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News Release 2000-78
October 10, 2000
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Board of Governors of the Federal Reserve System
Office of the Comptroller of the Currency
Federal Deposit Insurance Corporation
WASHINGTON — Syndicated bank loans adversely classified by examiners increased in 2000 for the second consecutive year, according to data released today by three federal bank regulatory agencies.
The agencies — the Board of Governors of the Federal Reserve System, the Office of the Comptroller of the Currency and the Federal Deposit Insurance Corporation — released aggregate data for the past six years and data by major industry sector for the past three years.
Under the Shared National Credit (SNC) Program, the agencies review large syndicated loans annually, usually in May and June. The program, established in 1977, is designed to provide an efficient and consistent review and classification of any loan or loan commitment shared by three or more supervised institutions and totaling $20 million or more.
In 2000, the SNC Program covered 9,848 credits to 5,844 borrowers totaling nearly $2 trillion in drawn and undrawn loan commitments. Of the total, $63 billion, or 3.3 percent, was classified adversely because of default or other significant credit concerns. That was up from 2.0 percent in 1999 and 1.3 percent in 1998, the lowest level of the decade. Classified loans remain low relative to the peak of 10 percent of total commitments experienced in 1991.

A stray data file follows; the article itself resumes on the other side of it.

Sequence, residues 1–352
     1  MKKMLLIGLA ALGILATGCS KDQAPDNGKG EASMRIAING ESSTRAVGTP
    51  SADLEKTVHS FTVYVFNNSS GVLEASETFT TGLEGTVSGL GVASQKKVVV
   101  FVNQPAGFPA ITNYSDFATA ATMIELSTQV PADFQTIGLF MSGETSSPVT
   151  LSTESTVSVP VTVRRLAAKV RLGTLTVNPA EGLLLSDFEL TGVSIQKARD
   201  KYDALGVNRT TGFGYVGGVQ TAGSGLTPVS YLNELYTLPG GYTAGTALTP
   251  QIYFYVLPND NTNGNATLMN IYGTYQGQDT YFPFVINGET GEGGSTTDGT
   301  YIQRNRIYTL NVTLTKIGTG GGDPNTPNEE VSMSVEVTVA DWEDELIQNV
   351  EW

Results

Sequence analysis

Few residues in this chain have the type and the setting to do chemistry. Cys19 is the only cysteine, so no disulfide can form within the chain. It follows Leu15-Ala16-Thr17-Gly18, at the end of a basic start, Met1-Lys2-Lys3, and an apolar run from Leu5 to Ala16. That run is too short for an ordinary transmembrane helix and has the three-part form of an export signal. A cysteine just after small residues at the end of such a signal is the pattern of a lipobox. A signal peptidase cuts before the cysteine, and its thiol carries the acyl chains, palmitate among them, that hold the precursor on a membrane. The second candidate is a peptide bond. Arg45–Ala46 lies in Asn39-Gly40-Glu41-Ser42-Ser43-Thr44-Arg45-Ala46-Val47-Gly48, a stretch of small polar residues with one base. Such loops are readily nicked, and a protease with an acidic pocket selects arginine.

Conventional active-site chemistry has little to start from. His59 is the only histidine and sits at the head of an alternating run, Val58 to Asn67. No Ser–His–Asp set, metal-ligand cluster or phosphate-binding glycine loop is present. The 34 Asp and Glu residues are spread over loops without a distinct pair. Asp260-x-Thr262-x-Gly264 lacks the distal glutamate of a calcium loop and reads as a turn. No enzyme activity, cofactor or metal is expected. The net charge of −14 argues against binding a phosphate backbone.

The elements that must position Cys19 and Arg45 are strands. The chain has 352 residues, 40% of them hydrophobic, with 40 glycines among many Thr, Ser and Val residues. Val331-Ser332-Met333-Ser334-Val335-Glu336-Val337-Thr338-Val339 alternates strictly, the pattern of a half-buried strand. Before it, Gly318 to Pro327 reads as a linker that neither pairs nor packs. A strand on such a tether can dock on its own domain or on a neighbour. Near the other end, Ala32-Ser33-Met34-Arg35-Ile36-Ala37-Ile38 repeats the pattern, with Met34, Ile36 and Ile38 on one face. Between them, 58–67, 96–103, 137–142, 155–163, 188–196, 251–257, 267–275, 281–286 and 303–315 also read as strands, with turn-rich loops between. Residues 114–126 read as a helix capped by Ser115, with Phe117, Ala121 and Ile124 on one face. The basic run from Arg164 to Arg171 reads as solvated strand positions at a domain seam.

Borrowers have drawn down about a third of the $1.95 trillion in loan commitments, or $701 billion. Of this amount, $56 billion, or 8 percent, was classified adversely, up from 5.3 percent in 1999 but down from the peak of 18 percent in 1991.
The percentage of adversely classified credits rose in 2000 for several major industry sectors. Problem loans in the health care services sector continued to increase after the significant deterioration in 1999, and health care remains the industry with the highest relative concentration of classified SNC loans. Several traditional manufacturing industries also experienced a significant increase in problem credits and some industries were heavily influenced by problems encountered by leveraged borrowers that had expanded operations aggressively through acquisitions in recent years.
In addition, credits listed as "special mention" by examiners because of potential weakness — a less serious category than the three adverse classifications: substandard, doubtful, and loss — totaled $36.3 billion in 2000, up from $31.4 billion in 1999. Special mention loans rose to 1.9 percent of total loan commitments, from 1.7 percent in 1999.
U.S. banking organizations hold approximately one-half of the value of loans in the Shared National Credit Program. Foreign banks hold just over 40 percent, and nonbank and nonfinancial companies and investment funds hold the rest.